About TrailO

TrailO-(credit:)

What is TrailO?

Trail orienteering is a sport offered to people with widely differing physical abilities, including those with severely restricted mobility, who all compete on equal terms.

Competitors travel along a track or marked route and study clusters of control markers placed in the terrain. They are issued with a very detailed map, and control descriptions. With these aids they must decide which (if any) of the markers relates to the feature depicted by the centre of the circle. Movement up and down the track is permitted but no one may approach the control markers in the terrain.

The markers are designated A - E, as seen from left to right while at a decision point marked on the track, and the result must be recorded by marking the relevant box on the special control card.

Some controls have a maximum time for this decision making and the actual time taken is recorded to act as a tie breaker for those with the same number of points for correct decisions.

You can find out more at www.trailo.org and download an illustrated leaflet (2.2MB) that the above text was taken from.

The IOF website has a 22 page downloadable PDF that is titled "Technical Introduction to Trail Orienteering for Experienced Foot Orienteers", this is a good read for anyone thinking about trying TrailO.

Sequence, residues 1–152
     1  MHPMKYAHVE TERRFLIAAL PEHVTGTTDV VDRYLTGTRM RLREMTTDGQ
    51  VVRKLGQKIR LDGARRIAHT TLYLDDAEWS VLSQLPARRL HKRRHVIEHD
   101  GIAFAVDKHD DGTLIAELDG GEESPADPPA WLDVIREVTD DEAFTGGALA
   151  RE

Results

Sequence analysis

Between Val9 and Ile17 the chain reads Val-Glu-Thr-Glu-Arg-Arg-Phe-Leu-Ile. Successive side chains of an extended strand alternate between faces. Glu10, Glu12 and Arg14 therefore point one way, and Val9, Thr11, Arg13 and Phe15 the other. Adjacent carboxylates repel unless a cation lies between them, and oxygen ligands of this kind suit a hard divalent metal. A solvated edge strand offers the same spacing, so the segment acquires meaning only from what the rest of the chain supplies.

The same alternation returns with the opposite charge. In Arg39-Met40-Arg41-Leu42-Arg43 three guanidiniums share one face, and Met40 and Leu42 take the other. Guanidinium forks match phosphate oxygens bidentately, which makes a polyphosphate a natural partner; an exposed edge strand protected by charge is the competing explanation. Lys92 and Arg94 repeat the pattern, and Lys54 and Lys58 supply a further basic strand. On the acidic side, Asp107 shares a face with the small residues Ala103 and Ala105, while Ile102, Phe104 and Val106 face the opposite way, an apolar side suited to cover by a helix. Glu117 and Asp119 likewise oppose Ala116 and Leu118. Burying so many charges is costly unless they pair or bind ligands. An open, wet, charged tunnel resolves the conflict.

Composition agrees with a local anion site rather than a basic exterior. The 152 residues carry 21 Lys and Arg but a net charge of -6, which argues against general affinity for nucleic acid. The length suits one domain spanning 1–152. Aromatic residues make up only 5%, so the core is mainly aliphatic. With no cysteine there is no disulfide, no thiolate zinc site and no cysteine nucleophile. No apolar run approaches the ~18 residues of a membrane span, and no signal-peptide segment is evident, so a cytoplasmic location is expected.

In order to assist experienced foot orienteers who wish to try trail orienteering and who would like to gain some familiarity with the format before stepping out on a course, this document has been prepared. It describes the procedures followed in typical trail orienteering competition and illustrates some of the principles of course setting and solution by means of a trail photo- O exercise.

From the Technical Introduction to Trail Orienteering for Experienced Foot Orienteers

 

What is TempO?

The World TempO Trophy is now an established supplement to the World Trail Orienteering Championships.

TempO suggests a fast form of orienteering, and so it is, in one way. TempO is the ‘sprint’ form of trail orienteering, where decisions on which of several flags, if any, is in the centre of the circle on the map are timed, all the way through. It really is high tempo, but in small bursts, a bit like a footballer sprinting for the ball and, after some sharp activity and then sending it further, jogging or walking until it comes his way again.

TempO and its parent form trail orienteering (TrailO) have much to offer for all orienteers - they provide excellent training in map interpretation, particularly in relating contour shapes between map and ground. I think I have become a better foot orienteer through taking part in trail orienteering.

Clive Allen in the Oct 2011 issue of O-zine

 

Last edited: 19th Jan 12